Colombia think tank Indepaz has released its 2011 study on the narco-paramilitary gangs known as 'criminal bands' or BACRIMs, arguing that the groups have expanded their activity across the country.
The study states that the BACRIMs are operating in about a third of Colombia's 1,103 municipalities. The relative amount of territory held by the main BACRIMs has remained roughly static, even as each group has grown slightly.
Los Rastrojos are still the largest of the BACRIMs, with a reported presence in 247 municipalities in 23 departments, followed by the Urabeños with 211 municipalities in 18 departments.
According to Indepaz's count, the narco-paramilitary groups have moved into 46 new municipalities since 2010, reflecting a steady expansion since 2008.
The study also noted that when coca cultivation data is matched up with its maps of paramilitary activity, the Rastrojos, Urabeños, and the now-dismantled ERPAC appear to be cultivating the most coca.
Another interesting assertion is that the Urabeños have moved into Tumaco, Nariño, Colombia's most embattled conflict zone and the traditional territory of the Rastrojos.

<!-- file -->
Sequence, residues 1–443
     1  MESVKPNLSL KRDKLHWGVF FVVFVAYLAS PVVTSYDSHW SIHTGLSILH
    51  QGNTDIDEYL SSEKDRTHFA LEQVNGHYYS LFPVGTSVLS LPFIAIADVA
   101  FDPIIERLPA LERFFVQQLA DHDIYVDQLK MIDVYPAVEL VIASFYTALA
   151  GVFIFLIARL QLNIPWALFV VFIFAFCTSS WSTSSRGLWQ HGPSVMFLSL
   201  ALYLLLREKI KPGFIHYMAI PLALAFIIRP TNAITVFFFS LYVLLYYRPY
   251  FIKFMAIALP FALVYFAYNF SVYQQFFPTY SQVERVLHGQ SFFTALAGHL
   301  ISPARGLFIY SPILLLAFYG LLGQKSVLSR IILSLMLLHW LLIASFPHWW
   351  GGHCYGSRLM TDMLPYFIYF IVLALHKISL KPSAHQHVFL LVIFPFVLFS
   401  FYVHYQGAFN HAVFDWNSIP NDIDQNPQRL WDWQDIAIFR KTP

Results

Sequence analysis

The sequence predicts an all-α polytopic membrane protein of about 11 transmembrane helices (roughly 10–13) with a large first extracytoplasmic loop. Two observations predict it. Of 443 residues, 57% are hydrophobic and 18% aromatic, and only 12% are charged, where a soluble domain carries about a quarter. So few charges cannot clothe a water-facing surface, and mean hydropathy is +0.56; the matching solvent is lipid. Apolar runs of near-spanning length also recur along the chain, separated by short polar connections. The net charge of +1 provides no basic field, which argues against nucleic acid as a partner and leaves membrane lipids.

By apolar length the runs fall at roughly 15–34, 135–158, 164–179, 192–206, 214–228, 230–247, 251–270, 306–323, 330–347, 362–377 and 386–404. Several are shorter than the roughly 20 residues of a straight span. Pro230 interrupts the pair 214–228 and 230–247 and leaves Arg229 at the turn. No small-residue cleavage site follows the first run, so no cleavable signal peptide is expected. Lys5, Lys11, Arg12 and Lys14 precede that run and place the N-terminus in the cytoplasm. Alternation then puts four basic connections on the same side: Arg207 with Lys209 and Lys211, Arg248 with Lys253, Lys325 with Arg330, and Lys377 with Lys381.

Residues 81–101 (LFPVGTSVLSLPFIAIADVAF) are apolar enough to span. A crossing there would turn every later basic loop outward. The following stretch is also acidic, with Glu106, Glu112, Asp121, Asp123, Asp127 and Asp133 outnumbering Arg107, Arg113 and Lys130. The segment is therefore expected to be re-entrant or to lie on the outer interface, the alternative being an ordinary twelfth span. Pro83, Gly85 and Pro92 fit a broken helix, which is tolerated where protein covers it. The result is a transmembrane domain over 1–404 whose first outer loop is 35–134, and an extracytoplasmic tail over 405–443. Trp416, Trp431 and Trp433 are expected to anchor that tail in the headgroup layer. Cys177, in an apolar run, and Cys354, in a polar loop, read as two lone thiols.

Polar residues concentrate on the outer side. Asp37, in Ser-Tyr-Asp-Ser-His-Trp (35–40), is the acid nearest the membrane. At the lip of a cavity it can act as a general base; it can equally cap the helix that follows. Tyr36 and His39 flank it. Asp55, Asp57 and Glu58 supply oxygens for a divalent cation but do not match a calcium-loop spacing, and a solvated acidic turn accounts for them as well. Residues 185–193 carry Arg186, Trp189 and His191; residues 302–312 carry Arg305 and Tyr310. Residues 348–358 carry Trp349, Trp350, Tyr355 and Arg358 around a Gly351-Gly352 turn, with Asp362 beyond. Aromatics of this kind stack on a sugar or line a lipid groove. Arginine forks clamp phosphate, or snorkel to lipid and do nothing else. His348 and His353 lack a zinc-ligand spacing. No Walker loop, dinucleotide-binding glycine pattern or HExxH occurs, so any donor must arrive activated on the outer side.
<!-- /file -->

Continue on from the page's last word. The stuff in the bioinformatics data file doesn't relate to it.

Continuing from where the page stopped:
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Taken with a recent report that the Rastrojos, Urabeños, and Paisas have formed a non-aggression pact, the Indepaz study suggests that narco-paramilitary groups have consolidated their power in the country's west and north. This reflects a broader trend in Colombia as neo-paramilitary groups consolidate themselves as the primary drug traffickers and drivers of violence.
The report's assertion that the Urabeños have operatives in southwest Tumaco suggests that the group has expanded far outside its traditional territory along the Caribbean coast and north-central Colombian. It is also further indication of the importance of the port city as a hub for drug trafficking and the civil conflict, following a bombing by the FARC earlier this month which left 11 people dead.